The Reformation made little or no difference to the exercise of patronage in England. The patronage of the dissolved monastic institutions was simply re-distributed. For example, the patronage of Bolton Abbey and its former parishes are now in the gift of Christ Church, Oxford given by the King to his college. Compare this with the continent. Napoleon's later destruction of the great institutions of Europe included the dismantling of most ecclesiastical patronage.
The incumbent priest, presented and instituted, was never a serf. Unlike others who held land from the lord of the manor, he was not bound to work on the lord's land. He owed his allegiance elsewhere, to his ecclesiastical superiors. In this way the idea of freehold developed. Vicars were granted that freehold in 1215 by the Lateran Council. The priest was secure in his freehold against dictation or oppression from lord, bishop or the patron. It is clear that the security that the freehold gave saved both the Evangelical and Oxford Movements from episcopal suppression.
The Church of England has long been a disputed church and never more so than in the nineteenth century. Various parties, interest groups, office holders fought to promote their views, sought to extend their influence. One way to do this was by acquiring patronage, enabling a committed individual or patronage trust to promote those who shared their theological views and ecclesiastical outlook: this was fairly easy to do. Were you to have read the Morning Chronicle of 2 June 1824, you would have learned that Mr and Mrs P. L. Wellesley were offering for sale a number of advowsons in Essex. (The family had fallen into debt through gambling). The right to present the next Rector of Wanstead was one of those for sale. The newspaper informed prospective purchasers that the annual income of the Living was £653, the age of the present incumbent was sixty-two and the cost was £2400. If that was too expensive, you might have bought the advowson to Roydon for £580. It was not, however, such a good deal: the annual income was £200 and the sitting incumbent a healthy forty-six year old.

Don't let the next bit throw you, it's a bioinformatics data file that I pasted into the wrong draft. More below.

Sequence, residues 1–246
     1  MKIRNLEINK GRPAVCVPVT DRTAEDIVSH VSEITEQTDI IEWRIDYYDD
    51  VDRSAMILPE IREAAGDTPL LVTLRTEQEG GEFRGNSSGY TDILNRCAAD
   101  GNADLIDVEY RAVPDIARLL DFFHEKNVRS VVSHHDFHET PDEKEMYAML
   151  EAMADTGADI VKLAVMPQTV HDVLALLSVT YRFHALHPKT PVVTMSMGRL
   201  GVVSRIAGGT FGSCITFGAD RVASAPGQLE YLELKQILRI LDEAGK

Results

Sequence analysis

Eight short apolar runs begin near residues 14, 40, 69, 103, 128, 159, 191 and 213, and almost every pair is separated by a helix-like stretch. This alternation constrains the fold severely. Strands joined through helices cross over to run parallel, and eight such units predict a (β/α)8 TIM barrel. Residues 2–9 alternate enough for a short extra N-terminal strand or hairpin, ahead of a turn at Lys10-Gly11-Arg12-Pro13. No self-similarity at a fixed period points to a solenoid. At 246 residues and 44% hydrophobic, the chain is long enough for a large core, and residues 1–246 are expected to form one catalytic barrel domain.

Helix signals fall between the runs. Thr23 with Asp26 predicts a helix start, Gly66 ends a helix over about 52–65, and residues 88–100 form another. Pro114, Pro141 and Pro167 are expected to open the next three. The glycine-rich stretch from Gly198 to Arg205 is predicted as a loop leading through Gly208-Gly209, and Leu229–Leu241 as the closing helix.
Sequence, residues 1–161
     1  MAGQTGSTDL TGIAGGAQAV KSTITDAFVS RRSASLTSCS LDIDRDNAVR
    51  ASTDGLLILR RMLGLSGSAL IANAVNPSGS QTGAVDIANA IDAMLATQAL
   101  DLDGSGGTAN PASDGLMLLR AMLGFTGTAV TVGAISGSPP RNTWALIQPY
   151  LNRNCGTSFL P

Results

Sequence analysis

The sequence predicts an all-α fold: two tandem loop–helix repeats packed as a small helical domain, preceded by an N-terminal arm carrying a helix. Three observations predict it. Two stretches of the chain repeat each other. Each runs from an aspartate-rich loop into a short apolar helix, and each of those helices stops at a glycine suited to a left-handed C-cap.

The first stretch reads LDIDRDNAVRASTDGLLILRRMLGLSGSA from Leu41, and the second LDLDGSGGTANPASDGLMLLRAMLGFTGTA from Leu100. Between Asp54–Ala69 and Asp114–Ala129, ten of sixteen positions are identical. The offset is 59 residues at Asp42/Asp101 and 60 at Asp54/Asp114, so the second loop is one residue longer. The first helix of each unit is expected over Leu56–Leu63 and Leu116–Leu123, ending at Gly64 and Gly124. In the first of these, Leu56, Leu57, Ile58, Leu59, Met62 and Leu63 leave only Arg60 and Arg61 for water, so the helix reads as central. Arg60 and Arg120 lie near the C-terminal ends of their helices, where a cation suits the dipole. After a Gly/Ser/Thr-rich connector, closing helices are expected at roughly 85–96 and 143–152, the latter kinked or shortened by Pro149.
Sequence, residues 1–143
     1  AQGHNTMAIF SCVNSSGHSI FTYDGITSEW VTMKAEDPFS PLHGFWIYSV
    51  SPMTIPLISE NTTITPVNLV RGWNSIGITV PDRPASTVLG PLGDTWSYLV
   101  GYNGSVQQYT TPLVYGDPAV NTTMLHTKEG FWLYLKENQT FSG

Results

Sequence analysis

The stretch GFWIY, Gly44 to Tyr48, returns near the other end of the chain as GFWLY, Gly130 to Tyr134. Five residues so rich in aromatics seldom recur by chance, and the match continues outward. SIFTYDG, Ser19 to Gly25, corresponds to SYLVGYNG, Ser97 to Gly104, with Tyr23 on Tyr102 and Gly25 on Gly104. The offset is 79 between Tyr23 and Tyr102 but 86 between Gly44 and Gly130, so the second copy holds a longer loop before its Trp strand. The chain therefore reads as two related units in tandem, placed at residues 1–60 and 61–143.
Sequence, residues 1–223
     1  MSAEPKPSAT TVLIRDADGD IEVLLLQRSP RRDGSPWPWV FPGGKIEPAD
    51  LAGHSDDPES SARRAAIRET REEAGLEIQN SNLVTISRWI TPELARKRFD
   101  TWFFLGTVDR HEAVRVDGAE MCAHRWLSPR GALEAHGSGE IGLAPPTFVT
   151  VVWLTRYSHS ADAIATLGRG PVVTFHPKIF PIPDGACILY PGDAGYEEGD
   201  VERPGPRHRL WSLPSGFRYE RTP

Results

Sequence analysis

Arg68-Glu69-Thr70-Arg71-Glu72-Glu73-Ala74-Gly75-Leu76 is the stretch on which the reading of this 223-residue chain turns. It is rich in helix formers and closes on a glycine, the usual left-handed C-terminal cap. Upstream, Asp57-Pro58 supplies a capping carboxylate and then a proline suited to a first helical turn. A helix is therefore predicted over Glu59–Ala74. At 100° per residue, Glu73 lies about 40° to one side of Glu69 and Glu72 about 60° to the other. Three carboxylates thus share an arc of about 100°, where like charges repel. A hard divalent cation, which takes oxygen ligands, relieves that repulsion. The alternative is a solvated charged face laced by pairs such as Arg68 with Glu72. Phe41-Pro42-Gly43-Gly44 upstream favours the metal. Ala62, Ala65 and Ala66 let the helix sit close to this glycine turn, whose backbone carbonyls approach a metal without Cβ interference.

When Samuel Wilberforce became Bishop of Oxford, he was dismayed to find that he had so little patronage and set about acquiring key parishes. He learned that the advowson of St Aldate's, Oxford was to be auctioned in the city. He set off to bid for it, but his horse threw a shoe and he arrived too late. The Simeon Trustees bought it and own it today, and St Aldate's is an Evangelical stronghold in the city. Other Evangelical patronage trusts similarly acquired advowsons.
In the wake of the Oxford Movement, or the Catholic Revival, in the Church of England, the Society for the Maintenance of the Faith was founded by two brothers, Canon Edward Wood, Vicar of St Clement's, Cambridge, and James Wood, a lawyer. Its object then, and now, is “to promote and maintain Catholic teaching and practice.” From its inception, the principal means of doing this was through the acquisition and exercise of patronage. None of it was purchased, unlike the practice of other patronage trusts. The founders would have nothing to do with a trade in advowsons, believing this to be uncanonical. Advowsons came to the Society by gift or bequest.